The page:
argued that just by changing a definition, the GDP could not change. His
argument was that you cannot produce more all of sudden just because you
Struggling With Powerful Conceptual Reifications 225

include it differently when calculating, which implies that he construed

GDP as an indicator of what is really produced in a real world.
We also saw that the role and function of intermediate consumption in
calculating GDP seem to be hard to come to terms with for the students.
What to count as an investment rather than as intermediate consump-
tion cannot be established by looking at the product itself. Distinctions of
this kind emerge from discussions and negotiations about how to increase
comparability in analyses of national income. The sociogenesis of these
concepts is not readily visible as they are introduced through ready-made
formulae and expressions. As items in these formulae, their material
features, however, seem to play an important role for learning and remem-
As soon as the students recognize the material form of signs in this sec-
ondary genre, the signs serve as vehicles that may be used across sequential
activities even with minimal understanding (Vygotsky, 1987; Wertsch 2007).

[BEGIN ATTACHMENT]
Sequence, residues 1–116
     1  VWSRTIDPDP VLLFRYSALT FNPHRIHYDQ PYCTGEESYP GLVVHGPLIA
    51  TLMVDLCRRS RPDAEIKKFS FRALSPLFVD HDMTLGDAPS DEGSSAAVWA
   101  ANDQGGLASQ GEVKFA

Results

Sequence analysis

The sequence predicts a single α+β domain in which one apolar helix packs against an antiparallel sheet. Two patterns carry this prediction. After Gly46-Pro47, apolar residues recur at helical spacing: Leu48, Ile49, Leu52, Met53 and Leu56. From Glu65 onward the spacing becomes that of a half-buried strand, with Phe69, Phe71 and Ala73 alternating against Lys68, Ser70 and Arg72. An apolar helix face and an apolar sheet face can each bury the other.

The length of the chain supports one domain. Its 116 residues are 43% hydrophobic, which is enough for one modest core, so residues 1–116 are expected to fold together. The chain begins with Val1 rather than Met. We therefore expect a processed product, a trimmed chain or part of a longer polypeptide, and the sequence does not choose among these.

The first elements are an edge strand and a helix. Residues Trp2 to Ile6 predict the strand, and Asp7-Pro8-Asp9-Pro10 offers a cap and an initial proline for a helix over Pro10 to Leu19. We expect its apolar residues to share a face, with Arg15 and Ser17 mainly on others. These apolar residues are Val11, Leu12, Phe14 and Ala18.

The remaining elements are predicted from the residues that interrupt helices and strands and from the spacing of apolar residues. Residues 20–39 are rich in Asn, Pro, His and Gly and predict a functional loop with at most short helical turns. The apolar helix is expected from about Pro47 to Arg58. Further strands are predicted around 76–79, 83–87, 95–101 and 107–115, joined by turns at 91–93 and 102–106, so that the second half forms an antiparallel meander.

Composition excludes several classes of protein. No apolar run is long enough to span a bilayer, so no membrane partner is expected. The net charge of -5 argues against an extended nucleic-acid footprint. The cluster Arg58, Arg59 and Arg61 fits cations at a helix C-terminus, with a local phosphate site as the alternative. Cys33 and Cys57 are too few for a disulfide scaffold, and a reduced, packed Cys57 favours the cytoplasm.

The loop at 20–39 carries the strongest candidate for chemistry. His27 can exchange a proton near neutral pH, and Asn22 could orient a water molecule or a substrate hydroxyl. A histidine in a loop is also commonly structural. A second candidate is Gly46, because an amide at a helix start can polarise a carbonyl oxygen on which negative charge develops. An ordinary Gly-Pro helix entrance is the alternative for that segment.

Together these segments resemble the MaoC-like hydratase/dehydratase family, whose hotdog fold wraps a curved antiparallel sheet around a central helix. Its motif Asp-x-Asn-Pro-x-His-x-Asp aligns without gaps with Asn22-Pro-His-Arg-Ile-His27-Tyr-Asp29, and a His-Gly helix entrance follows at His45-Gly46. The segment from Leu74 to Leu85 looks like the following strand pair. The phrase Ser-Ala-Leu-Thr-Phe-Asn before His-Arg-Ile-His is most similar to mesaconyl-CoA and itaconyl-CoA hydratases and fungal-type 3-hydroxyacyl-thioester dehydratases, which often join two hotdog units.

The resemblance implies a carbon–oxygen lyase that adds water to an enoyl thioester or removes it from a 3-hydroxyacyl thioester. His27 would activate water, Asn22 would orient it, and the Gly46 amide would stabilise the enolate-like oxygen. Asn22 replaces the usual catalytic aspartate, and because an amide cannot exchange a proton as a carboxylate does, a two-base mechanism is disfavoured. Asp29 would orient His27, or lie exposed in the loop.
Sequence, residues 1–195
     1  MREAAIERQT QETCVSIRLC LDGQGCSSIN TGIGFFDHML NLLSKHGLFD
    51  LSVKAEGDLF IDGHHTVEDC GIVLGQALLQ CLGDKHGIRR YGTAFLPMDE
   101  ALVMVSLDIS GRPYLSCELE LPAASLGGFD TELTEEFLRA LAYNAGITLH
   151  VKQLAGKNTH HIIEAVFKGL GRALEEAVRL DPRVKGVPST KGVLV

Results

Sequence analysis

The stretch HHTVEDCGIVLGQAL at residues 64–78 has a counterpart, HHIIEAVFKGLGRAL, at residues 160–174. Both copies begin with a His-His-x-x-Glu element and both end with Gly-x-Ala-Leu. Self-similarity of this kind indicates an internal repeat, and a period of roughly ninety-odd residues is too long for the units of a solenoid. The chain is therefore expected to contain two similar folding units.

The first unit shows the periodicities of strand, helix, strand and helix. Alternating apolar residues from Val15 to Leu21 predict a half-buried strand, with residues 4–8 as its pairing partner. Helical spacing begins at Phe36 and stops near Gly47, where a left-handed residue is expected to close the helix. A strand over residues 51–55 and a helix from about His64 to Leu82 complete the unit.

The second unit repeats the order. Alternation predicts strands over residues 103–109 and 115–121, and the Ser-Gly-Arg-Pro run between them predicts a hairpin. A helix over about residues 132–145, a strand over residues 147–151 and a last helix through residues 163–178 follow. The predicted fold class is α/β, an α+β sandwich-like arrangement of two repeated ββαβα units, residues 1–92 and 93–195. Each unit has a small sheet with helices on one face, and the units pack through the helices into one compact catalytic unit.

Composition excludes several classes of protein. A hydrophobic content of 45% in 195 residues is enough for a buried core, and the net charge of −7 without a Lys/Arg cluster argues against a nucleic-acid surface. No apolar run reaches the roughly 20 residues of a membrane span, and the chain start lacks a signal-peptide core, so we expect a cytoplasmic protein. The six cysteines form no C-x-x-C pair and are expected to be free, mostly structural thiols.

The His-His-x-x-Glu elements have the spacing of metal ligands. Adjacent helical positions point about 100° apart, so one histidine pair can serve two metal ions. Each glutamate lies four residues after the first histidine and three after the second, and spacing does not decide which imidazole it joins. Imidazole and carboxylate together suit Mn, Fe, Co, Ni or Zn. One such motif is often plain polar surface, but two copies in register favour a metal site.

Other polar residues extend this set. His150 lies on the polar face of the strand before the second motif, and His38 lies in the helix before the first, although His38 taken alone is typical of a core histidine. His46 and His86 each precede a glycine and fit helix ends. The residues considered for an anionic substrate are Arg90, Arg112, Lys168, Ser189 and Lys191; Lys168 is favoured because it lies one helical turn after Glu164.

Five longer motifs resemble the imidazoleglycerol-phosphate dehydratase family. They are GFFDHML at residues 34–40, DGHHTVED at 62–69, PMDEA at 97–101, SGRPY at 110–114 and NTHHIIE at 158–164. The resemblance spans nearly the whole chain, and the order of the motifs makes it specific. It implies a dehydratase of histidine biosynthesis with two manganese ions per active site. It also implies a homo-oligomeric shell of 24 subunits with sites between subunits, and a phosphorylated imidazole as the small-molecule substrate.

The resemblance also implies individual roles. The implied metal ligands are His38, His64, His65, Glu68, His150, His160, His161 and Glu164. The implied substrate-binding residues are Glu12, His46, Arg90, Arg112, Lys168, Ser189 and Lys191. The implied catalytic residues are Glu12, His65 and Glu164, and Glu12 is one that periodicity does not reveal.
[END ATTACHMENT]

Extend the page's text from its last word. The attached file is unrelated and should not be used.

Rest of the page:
We have, for instance, noted how the term value-added was recognized
but dismissed at first as irrelevant, but eventually it was elaborated and
unpacked by drawing on the example which had been given from the
lecture. Similarly, recognizing the expression that GDP increased, as
voiced by an authority in this context, it became obvious that the neces-
sary understanding to back up this claim was lacking among the students
and needed to be worked on. Within a relevant communicative context,
this is an important prerequisite for learning since such use will be chal-
lenged in situ, and sign meaning develops (Wertsch & Kazak, 2011). What
would seem perfectly comprehensible while reading the textbook alone
or listening to the professors, accordingly, needs to be transformed into